Skip to content

Your Cart


You have 0 items in your cart.

Register Sign in Wishlist

Childhood and Child Labour in the British Industrial Revolution

$40.99 (C)

Award Winner

Part of Cambridge Studies in Economic History - Second Series

  • Date Published: October 2011
  • availability: Available
  • format: Paperback
  • isbn: 9780521248969

$ 40.99 (C)

Add to cart Add to wishlist

Other available formats:
Hardback, eBook

Looking for an examination copy?

If you are interested in the title for your course we can consider offering an examination copy. To register your interest please contact providing details of the course you are teaching.

Product filter button
About the Authors
  • This is a unique account of working-class childhood during the British industrial revolution. Using more than 600 autobiographies written by working men of the eighteenth and nineteenth centuries Jane Humphries illuminates working-class childhood in contexts untouched by conventional sources and facilitates estimates of age at starting work, social mobility, the extent of apprenticeship, and the duration of schooling. The classic era of industrialization, 1790-1850, apparently saw an upsurge in child labour. While the memoirs implicate mechanization and the division of labour in this increase, they also show that fatherlessness and large sibsets, common in these turbulent, high-mortality, and high-fertility times, often cast children as partners and supports for mothers struggling to hold families together. The book offers unprecedented insights into child labour, family life, careers, and schooling. Its images of suffering, stoicism, and occasional childish pleasures put the humanity back into economic history and the trauma back into the industrial revolution.

    • Unique account of childhood during the industrial revolution that draws on working people's own accounts of their lives
    • Sheds new light on the individual experience of industrialisation and its impact on working-class family life
    • Integrates quantitative analysis with social, family and demographic history
    Read more


    • Winner of the 2011 Gyorgi Ranki Biennial Prize in European Economic History, Economic History Association

    Reviews & endorsements

    "Recommended." -Choice

    "This is a large and important book … It deserves to become not only a classic study of childhood, but also of the Industrial Revolution in Britain. As Humphries herself notes, it has been a long time coming, but for the reader it has been well worth the wait." -History Today

    "Childhood and Child Labour in the British Industrial Revolution is richly innovative in its marrying of economic data with life stories. The voices of the children – stoical, matter of fact, and moving in their ordinariness – jump off the page. There is no other historical study of British labour during the industrial revolution that so vividly brings to life the world of the working-class child." -History Workshop Journal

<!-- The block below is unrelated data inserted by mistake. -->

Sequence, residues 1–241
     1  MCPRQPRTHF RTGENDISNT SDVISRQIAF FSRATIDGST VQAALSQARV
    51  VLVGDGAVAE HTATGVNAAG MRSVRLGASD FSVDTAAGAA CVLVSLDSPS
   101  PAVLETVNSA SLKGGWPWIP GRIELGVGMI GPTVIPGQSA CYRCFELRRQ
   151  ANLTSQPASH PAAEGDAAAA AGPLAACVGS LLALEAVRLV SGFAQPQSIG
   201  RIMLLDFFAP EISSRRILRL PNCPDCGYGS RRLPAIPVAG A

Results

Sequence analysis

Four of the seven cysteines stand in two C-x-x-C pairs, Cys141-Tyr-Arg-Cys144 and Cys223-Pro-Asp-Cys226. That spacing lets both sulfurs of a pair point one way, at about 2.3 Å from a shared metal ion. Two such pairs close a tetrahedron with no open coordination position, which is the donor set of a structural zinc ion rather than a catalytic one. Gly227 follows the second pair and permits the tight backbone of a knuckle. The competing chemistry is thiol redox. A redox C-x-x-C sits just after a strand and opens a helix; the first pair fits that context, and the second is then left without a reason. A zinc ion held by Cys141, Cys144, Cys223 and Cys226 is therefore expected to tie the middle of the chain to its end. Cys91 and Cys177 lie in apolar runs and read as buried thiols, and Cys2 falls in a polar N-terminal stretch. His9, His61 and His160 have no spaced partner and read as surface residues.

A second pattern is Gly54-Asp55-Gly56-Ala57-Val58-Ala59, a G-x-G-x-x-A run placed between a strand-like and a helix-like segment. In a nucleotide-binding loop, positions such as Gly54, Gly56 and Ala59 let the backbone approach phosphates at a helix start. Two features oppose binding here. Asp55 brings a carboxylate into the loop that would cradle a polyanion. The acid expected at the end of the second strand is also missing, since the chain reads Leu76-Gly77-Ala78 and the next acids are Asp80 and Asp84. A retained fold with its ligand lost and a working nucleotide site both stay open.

See more reviews

    Customer reviews

    Not yet reviewed

    Be the first to review

    Review was not posted due to profanity


    , create a review

    (If you're not , sign out)

    Please enter the right captcha value
    Please enter a star rating.
    Your review must be a minimum of 12 words.

    How do you rate this item?


    Product details

    • Date Published: October 2011
    • format: Paperback
    • isbn: 9780521248969
    • length: 454 pages
    • dimensions: 226 x 150 x 23 mm
    • weight: 0.68kg
    • contains: 7 b/w illus. 37 tables
    • availability: Available
  • Table of Contents

    1. Introduction
    2. Sources, models, context
    3. Families
    4. Household economy
    5. Family relationships
    6. Wider kin
    7. Starting work
    8. Jobs
    9. Apprenticeship
    10. Schooling
    11. Conclusion

  • Author

    Jane Humphries, University of Oxford
    Jane Humphries is Professor of Economic History and Fellow of All Souls College, Oxford University.


    • Winner of the 2011 Gyorgi Ranki Biennial Prize in European Economic History, Economic History Association

Sign In

Please sign in to access your account


Not already registered? Create an account now. ×

Sorry, this resource is locked

Please register or sign in to request access. If you are having problems accessing these resources please email

Register Sign in
Please note that this file is password protected. You will be asked to input your password on the next screen.

» Proceed

You are now leaving the Cambridge University Press website. Your eBook purchase and download will be completed by our partner Please see the permission section of the catalogue page for details of the print & copy limits on our eBooks.

Continue ×

Continue ×

Continue ×

Find content that relates to you

Are you sure you want to delete your account?

This cannot be undone.


Thank you for your feedback which will help us improve our service.

If you requested a response, we will make sure to get back to you shortly.

Please fill in the required fields in your feedback submission.